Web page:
by ThatBritGuy (thatbritguy (at) googlemail.com) on Fri Jan 17th, 2014 at 01:40:12 PM EST
[ Parent ]
it is awfully ironic that while the church has been a refuge for homosexuals for yonks, because of the social homophobia they had to pretend it wasn't and that they abhorred their own ways.

now society has moved on and they can't come out of the gilded closet they themselves helped to fortify with their own sanctimonious hypocrisy.

meanwhile the cardinals swish around in the equivalent of lady gaga costumes, dripping fine jewellery round their unctuous jowls and rent apartments above gay bars for easy access.

the hilarious truth is that if they did come clean (sorry!) they would probably become the go-to roadshow for all those who are light in the (ferragamo) loafers.

these guys invented camp for christ's sake!

if they could all merrily get to bonking each other after vespers how meany people would really give a monkey's? (sorry vlad!) it's not shocking any more that men like to do the nasty all by themselves, er hello?

meanwhile their refusal to bend with the times is doing nothing but lose them 'clients' and tying them in moral knots, as the facade slowly crumbles that it wasn't a Cozy Old Boys' Club all along...

all that energy into the cover-up of what everyone knows anyway! must be exhausting.

'The history of public debt is full of irony. It rarely follows our ideas of order and justice.' Thomas Piketty

by melo (melometa4(at)gmail.com) on Sat Jan 18th, 2014 at 06:36:42 PM EST
I think your observation that the church was something of an acceptable refuge for Gays - so long as their orientation was open or acknowledged is apposite. I suspect the Church would lose quite a few "customers" if it became known as a gay club in disguise. There is something to be said for any community to be completely blind about people's sexual orientation, regarding it as people's own private business. But when they then come out to repress all gays they hypocrisy becomes seriously self-destructive.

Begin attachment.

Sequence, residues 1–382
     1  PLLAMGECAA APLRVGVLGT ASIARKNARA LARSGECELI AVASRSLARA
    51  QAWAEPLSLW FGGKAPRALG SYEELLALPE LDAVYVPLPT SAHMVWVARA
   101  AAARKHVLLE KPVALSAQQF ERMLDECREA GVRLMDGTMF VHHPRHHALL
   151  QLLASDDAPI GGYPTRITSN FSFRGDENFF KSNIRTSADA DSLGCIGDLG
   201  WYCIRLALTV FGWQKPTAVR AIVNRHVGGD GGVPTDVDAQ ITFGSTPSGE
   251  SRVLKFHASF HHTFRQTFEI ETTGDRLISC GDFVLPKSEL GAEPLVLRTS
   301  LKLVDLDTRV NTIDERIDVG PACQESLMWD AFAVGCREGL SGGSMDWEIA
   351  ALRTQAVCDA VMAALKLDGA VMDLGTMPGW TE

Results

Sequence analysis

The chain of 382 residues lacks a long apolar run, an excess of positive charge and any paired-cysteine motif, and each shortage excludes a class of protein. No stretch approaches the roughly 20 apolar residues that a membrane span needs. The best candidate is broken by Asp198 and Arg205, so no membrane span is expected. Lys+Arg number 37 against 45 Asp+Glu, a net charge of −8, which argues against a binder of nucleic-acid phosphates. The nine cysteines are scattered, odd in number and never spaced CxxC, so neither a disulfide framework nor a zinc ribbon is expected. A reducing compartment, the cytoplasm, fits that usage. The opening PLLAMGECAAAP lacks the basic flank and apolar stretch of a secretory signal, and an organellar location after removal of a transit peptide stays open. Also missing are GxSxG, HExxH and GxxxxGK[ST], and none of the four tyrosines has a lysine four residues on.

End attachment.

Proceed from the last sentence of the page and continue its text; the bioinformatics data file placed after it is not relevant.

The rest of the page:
It's a pity the churches never took the lead in embracing all humanity and made opposition to slavery, racism, homophobia, misogyny, and gross inequality a badge of honour, and embodiment of the Gospels - combined with an embrace of science, medicine, freedom of s  speech, democracy and public accountability. A few Churchmen did take the lead in those fields, but generally without challenging prevailing orthodoxies.

Instead they chose to embrace the Old testament and misogynists like Paul to justify slavery, oppression of women, and more latterly - gays. Pharisees in new clothes, if you like.

Index of Frank's Diaries

by Frank Schnittger (mail Frankschnittger at hot male dotty communists) on Sun Jan 19th, 2014 at 06:44:50 AM EST
[ Parent ]
The crisis of the church can be described as the breakdown of the "don't ask, don't tell" doctrine.

Caused trouble for the Marines, too.

It is rightly acknowledged that people of faith have no monopoly of virtue - Queen Elizabeth II

by eurogreen on Thu Jan 30th, 2014 at 10:23:56 AM EST